Reminders

1) Saturday fitness class 10:00am until 10:45am

2) Fighters Classes, Monday & Tuesday 8-9pm and Thursday 6-7pm.

3) There is Friday Night sparring 6-7:30pm for BJJ, MMA and Thai Boxing. If you haven’t sparred before please book a sparring etiquette appointment at reception before your first session.

4) There is an open mat on Saturdays for sparring and drilling from 12pm until 2pm.

Article

The Use of The Legs and Body for Punching and Elbow Power in Muay Thai and MMA Striking.

A Russian study done in the 1970s looked at the contribution of 3 major body regions to the power in the straight right punch of boxing.

The study divided the body into 3 regions; the legs, hips and upper torso, and the arms.

This breakdown yielded the following results: Average contribution of the arms 24.12%, the torso - hip region 37.42% and the legs 38.46%. It was very clear that the legs contributed the greatest amount of force to the punch.

One also must take into account that the legs must be driving of something, such as a floor, in order to deliver this force and also that the other regions depend on the legs driving off a surface to deliver their contribution.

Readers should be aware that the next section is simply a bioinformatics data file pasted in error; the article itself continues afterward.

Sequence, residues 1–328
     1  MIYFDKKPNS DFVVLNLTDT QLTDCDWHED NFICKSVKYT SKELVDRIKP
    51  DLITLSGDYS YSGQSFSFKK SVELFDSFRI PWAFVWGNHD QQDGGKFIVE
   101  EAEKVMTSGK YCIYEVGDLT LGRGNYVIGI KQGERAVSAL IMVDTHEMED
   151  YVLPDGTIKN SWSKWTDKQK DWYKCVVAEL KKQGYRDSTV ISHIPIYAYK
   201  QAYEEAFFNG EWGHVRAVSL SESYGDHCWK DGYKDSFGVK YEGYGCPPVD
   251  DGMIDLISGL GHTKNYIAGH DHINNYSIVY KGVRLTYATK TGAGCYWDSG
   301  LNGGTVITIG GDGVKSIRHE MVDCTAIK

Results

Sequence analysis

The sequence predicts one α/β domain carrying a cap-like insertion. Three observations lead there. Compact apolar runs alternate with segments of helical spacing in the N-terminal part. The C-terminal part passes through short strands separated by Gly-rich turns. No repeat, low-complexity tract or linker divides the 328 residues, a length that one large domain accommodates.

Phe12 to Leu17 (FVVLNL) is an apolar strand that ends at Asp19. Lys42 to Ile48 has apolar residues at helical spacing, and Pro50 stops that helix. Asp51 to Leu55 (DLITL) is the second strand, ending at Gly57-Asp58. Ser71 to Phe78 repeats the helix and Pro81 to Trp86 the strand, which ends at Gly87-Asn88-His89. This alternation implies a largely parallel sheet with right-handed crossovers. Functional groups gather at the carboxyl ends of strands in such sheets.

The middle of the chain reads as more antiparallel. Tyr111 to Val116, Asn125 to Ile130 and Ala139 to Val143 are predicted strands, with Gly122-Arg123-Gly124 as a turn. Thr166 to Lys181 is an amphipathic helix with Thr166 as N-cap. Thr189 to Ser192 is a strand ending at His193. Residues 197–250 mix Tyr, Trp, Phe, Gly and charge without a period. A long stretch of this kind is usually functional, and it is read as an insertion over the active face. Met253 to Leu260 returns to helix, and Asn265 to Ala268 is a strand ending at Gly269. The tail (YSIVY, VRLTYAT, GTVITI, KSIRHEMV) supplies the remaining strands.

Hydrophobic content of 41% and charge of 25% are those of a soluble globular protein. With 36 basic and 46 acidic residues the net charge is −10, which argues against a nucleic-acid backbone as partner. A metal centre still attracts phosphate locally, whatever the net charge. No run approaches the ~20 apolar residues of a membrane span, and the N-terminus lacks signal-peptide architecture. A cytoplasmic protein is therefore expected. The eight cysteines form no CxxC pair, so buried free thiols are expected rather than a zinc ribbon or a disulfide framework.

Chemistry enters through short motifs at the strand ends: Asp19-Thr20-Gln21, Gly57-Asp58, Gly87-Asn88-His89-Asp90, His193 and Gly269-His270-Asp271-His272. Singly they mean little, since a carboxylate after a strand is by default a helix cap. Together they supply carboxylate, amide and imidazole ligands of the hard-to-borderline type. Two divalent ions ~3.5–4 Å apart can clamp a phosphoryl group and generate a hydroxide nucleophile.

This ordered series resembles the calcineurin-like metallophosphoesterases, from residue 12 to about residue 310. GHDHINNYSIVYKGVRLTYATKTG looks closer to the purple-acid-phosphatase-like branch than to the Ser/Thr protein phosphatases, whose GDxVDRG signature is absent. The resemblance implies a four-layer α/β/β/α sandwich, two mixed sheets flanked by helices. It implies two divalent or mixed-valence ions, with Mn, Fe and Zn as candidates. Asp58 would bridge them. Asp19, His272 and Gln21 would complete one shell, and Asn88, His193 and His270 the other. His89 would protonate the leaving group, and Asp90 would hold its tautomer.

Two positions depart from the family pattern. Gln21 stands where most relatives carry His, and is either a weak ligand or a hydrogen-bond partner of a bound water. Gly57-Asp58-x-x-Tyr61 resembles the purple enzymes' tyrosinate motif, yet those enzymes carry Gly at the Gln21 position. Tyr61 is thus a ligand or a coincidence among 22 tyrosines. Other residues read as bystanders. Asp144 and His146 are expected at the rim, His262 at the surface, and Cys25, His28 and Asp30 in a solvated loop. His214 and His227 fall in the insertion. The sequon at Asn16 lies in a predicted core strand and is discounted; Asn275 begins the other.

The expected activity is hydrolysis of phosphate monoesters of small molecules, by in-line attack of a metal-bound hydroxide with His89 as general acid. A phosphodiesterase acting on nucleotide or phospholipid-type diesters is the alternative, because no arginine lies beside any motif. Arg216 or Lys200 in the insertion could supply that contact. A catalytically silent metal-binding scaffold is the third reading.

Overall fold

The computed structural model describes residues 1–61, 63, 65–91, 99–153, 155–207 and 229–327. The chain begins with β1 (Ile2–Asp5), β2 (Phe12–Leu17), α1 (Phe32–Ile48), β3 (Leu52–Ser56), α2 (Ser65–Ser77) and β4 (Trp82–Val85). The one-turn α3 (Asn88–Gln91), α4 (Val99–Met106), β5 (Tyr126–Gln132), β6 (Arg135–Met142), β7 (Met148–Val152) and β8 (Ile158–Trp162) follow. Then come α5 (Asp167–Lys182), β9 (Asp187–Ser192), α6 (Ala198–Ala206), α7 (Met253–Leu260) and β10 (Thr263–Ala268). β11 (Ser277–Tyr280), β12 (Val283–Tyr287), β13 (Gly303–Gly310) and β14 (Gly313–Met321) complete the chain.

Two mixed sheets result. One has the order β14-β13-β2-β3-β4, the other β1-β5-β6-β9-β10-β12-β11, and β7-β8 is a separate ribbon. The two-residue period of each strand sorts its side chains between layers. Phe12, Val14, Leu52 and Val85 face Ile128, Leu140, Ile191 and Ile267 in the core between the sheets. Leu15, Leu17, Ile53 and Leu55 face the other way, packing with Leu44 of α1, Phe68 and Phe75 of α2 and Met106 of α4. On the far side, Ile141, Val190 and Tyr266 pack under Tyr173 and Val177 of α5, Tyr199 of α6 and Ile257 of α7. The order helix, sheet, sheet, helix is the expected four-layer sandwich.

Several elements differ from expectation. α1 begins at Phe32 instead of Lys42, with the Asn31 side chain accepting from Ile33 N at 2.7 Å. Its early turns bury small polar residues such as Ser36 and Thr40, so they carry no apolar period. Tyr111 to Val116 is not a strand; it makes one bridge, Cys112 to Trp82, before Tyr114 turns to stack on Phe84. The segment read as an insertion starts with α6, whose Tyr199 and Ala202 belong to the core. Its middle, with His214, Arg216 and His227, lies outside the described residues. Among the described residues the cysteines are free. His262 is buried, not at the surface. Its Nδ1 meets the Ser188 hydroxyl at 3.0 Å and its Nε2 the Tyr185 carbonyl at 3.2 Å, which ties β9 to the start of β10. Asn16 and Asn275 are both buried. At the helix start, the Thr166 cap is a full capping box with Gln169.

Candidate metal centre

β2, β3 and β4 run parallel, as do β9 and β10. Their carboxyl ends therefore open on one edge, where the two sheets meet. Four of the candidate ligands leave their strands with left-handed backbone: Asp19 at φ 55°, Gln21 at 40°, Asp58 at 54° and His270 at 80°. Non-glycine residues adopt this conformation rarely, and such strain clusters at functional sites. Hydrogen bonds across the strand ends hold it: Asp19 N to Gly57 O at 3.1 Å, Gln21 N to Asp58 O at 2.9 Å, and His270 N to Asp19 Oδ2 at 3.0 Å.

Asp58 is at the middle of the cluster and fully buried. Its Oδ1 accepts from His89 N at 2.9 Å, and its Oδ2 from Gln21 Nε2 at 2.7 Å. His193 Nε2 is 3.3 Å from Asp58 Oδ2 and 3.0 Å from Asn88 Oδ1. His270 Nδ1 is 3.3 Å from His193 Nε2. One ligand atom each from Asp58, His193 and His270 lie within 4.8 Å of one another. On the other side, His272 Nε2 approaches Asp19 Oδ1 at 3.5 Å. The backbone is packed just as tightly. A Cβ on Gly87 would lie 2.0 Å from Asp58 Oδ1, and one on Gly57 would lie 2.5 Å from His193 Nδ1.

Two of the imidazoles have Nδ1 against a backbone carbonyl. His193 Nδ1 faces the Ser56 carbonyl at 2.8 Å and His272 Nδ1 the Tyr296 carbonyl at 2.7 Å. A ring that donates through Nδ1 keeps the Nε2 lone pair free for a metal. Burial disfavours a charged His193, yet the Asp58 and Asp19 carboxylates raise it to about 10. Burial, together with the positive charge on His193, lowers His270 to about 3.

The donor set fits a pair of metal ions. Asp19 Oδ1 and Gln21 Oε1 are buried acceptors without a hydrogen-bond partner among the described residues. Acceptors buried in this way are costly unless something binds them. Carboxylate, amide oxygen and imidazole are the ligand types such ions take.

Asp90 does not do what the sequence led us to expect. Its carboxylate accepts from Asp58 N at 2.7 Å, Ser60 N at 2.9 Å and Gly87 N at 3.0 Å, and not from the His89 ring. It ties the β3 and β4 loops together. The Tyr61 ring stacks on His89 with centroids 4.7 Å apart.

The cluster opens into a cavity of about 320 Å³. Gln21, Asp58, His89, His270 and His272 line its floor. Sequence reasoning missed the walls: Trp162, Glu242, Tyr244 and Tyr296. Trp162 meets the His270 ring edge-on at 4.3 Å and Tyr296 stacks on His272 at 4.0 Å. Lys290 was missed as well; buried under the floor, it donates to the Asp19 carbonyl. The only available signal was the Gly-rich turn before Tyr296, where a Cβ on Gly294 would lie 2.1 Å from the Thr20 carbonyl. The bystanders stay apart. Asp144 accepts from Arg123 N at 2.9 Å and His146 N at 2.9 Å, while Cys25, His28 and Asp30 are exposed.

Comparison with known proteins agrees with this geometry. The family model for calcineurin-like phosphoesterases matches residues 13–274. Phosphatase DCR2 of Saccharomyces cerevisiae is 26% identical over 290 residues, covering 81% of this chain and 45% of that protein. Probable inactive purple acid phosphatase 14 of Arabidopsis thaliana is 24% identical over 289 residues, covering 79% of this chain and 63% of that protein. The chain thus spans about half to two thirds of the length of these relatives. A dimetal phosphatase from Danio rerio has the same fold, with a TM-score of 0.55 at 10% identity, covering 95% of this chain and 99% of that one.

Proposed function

I remember when I first started Karate, many years ago, how the hip was emphasized as contributing most to the power in the punch, and that the way to deliver this power was through a movement that stepped the body forward to throw the punch. In effect the punch was limited in speed, and thus power, by the speed of the step forward.

We call this type of body, biomechanical movement as Unified Power. When we consider the Boxer's straight right punch though, we must look at it from the Cumulative Power generation method. A useful analogy is the baseball pitchers' pitch.

The movement begins with a body twisting wind up, counter to the final force generation direction, in what is in effect a preparative chambering movement to take advantage of obtaining a full range of movement. The foot and leg is then driven to the ground, on striking the ground the foot drives off, to which is added the force contributed by the thigh that drives the rotation of the hips.

The resultant pivot of the hips sets up a twist in the body torso that produces the twisting power and speed the drives the pivot of the shoulders. This pivot drives the arm out, which straightens, with the lever action from the elbow adding further force and speed. Then a snapping of the wrist adds a final quick accelerating burst to the movement.

When we throw our punch we avoid setting up with exaggerated windups (chambering movements). However, we begin with the driving off the floor, of the foot, and everything else is very similar to the pitching movement.

The elbow also uses this cumulative methodology but without the arm straightening or wrist snap. However, the elbow is delivered with a whipping action of the elbow and often a dropping of the body to add more weight to the elbow.